February 19, 2009

Huskers pull out ugly but important win over CU

There weren't many positives Nebraska could take away from one of its worst offensive performances of the season Wednesday night against Colorado.

Really, there was only one good thing about it - the Buffaloes were even worse.

Despite mustering up just 46 points on 34.8 shooting from the field, the Huskers were able to sneak away with a 46-41 win over CU at the Devaney Center in front of a crowd of 10,425.

Senior guard Ade Dagunduro was the lone offensive bright spot, scoring a game-high 18 points and hauling in a team-high six rebounds. No other Husker scored in double figures.

As ugly as it may have been aesthetically speaking, it was still a win for NU at the end of the day. With the victory, the Huskers improve to 16-7 overall and 6-5 in the Big 12 Conference, putting them in a three-way tie for fourth place with Texas and Kansas State for fourth place in the league.

"I know to some people that was a very up-and-down, interesting basketball game," head coach Doc Sadler said, tongue in cheek. "I am just as happy as can be to have gotten that win and be 6-5. I was worried about this game. It was a huge game."

After leading by five at halftime, Nebraska finally appeared to break away midway through the second half with a 9-2 run that gave it a 38-30 advantage with 6:18 to play. As they did the entire game, however, the Buffaloes refused to go away quietly.

Colorado put together an 8-3 run of its own to pull within 41-38 with 3:30 to go, as the Huskers made just two field goals during a seven and a half-minute span to help CU's cause.

Finally, Dagunduro gave Nebraska a much needed spark with 2:25 remaining when he converted a 3-point play the old fashioned way to put the Huskers up 44-38 with 2:25 on the clock. Following a pair of CU free throws with 1:25 to go that made the score 44-40, senior guard Steve Harley air balled a 3-pointer with 25 seconds left and gave Colorado a chance to make it a one-score game.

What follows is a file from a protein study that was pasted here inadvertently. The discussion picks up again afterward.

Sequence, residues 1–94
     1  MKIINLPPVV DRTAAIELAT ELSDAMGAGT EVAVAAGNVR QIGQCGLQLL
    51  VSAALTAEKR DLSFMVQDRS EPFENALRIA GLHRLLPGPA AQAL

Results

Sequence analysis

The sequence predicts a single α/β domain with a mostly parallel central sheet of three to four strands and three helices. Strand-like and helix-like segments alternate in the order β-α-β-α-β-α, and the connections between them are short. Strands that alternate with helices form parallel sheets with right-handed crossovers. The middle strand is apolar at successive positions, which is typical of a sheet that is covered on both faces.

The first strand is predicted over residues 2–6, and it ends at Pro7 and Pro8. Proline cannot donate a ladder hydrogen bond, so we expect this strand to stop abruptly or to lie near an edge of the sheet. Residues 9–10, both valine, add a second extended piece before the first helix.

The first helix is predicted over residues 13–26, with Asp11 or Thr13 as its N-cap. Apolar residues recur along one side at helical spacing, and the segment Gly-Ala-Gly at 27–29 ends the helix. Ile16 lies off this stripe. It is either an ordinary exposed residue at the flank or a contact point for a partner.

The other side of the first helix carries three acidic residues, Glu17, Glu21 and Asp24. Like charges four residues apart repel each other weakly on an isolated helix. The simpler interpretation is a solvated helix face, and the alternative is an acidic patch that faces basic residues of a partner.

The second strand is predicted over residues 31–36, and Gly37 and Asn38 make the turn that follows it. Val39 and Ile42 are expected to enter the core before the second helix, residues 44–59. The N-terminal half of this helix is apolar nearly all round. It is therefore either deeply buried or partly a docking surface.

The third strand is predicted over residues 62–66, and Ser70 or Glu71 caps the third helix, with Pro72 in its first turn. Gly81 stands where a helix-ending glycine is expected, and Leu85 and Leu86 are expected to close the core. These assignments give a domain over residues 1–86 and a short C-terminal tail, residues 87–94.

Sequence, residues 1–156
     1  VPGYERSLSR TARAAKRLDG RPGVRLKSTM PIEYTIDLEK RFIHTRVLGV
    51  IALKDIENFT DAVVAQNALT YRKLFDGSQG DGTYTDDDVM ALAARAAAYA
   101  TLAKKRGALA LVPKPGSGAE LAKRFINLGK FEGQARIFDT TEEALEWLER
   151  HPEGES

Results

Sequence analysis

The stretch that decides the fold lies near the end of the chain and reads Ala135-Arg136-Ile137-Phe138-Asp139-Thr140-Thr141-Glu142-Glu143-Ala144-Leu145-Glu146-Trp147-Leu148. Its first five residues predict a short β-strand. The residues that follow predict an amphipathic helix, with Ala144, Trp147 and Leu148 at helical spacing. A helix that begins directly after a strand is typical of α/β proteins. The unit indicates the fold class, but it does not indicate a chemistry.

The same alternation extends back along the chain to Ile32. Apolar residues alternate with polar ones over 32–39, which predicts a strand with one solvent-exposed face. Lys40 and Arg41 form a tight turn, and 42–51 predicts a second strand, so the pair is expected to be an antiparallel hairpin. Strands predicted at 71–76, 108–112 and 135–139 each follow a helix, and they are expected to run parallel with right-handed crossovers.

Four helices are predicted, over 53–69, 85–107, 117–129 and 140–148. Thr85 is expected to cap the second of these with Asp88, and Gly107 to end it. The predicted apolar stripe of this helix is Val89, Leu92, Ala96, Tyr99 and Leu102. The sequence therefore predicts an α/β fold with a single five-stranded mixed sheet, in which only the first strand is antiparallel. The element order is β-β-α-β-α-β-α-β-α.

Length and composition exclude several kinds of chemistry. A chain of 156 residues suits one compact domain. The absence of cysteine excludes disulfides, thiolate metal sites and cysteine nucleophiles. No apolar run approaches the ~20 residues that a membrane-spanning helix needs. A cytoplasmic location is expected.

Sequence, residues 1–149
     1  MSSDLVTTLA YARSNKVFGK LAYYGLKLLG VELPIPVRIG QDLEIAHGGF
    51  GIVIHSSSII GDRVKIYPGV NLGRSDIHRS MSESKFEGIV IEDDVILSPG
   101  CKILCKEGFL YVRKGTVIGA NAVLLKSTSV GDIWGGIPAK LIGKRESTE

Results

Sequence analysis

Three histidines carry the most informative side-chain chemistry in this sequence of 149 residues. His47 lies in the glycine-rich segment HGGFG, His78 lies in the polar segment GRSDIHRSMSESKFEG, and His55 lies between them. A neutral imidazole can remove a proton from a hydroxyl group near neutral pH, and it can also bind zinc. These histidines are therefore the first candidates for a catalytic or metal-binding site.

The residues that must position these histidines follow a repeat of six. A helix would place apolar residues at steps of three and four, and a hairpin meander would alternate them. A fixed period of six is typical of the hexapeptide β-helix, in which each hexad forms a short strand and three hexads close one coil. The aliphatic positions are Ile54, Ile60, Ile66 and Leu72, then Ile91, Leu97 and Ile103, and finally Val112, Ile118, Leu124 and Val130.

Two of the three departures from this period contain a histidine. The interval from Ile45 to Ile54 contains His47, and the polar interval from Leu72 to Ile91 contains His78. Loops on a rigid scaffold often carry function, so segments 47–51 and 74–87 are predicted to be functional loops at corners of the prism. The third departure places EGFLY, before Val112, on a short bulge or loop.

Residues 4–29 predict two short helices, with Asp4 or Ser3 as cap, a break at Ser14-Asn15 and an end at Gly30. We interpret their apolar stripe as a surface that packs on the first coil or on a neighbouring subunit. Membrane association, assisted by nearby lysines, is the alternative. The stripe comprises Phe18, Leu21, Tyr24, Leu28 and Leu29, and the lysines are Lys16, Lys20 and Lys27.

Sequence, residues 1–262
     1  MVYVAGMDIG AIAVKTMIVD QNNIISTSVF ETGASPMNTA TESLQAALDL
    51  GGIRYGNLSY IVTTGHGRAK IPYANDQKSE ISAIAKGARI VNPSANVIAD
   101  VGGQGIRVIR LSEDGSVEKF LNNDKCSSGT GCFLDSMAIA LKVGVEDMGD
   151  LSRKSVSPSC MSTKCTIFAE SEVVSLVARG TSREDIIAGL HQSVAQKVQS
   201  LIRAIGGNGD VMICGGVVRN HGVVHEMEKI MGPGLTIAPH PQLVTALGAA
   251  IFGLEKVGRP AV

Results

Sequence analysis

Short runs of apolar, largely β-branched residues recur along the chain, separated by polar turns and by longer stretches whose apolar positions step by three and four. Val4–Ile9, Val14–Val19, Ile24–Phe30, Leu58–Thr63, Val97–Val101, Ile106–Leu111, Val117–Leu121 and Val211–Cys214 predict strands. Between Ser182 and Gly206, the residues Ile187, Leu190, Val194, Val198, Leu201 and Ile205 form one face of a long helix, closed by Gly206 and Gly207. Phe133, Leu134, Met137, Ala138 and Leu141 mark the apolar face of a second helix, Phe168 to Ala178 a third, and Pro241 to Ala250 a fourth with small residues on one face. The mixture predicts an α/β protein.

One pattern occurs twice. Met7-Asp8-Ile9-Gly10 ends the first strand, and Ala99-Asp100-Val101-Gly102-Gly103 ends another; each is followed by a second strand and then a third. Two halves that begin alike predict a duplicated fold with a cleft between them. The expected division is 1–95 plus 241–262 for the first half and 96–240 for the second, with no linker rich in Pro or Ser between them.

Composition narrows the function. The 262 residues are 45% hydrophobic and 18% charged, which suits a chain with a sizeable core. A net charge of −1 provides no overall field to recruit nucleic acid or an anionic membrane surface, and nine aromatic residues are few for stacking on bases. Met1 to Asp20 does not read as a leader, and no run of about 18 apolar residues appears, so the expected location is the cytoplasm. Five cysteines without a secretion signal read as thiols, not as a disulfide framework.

Buffalo forward Austin Dufault by NU's Ryan Anderson with 11.4 seconds left and sent to the line, but only hit 1-of-2 free throws to make it 44-41. Nebraska's Paul Velander was fouled and sent to the line on the ensuing inbound pass, and he drained both of them to put the Huskers back up 46-41.

The Buffaloes missed a lay-up at the buzzer, and the Huskers escaped with an ugly but very important victory.

"Definitely a sigh of relief," Dagunduro said. "I don't think we played our best ball, particularly myself. But we got the win, so we're happy with that… It was a little bit frustrating. We thought we had those guys early in the first half, but like we've said, Big 12 games are going to come down to the last five minutes, so you can't expect to blow any team out. It's just not going to happen unless you get lucky here and there.

"We did a good job of not breaking. They did a good job of battling back, and we stayed on top the whole game."

With the win, Nebraska completed just its third season sweep of a Big 12 North opponent since the 2000-01 season. The previous two came against the Buffaloes in 04-05 and Missouri in 06-07.